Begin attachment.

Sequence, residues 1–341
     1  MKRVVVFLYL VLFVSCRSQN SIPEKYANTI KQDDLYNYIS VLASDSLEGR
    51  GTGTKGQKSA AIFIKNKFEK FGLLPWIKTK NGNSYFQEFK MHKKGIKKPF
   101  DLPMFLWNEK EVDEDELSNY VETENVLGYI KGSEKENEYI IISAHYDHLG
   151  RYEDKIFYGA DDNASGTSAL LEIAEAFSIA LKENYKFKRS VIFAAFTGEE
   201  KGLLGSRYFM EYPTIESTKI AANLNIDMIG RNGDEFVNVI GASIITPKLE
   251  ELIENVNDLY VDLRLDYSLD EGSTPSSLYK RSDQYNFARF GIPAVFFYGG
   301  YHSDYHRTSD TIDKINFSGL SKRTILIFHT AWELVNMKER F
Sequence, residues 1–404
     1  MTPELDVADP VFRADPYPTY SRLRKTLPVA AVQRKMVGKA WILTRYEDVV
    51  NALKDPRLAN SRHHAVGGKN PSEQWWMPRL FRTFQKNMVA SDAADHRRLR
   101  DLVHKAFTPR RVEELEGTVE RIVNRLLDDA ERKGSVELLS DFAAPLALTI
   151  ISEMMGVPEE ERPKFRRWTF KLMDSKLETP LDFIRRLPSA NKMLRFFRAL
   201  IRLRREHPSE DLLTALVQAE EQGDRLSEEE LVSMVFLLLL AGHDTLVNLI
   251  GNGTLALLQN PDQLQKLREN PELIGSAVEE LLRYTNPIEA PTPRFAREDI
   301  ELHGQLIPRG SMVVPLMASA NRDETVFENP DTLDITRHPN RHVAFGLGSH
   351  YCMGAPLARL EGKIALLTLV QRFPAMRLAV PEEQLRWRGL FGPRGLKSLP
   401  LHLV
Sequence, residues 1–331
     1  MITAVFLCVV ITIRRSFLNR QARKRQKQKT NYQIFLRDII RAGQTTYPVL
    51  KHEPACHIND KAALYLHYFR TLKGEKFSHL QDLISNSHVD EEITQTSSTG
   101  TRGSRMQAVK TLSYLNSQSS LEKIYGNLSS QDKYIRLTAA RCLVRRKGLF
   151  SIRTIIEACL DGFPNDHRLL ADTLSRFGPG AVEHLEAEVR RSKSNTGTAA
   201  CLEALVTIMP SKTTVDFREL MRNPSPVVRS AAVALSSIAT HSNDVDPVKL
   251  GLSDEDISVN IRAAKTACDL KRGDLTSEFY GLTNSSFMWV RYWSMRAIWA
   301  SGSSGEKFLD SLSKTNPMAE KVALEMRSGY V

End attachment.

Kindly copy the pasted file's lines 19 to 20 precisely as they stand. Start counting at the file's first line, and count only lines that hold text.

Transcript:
Sequence, residues 1–331
     1  MITAVFLCVV ITIRRSFLNR QARKRQKQKT NYQIFLRDII RAGQTTYPVL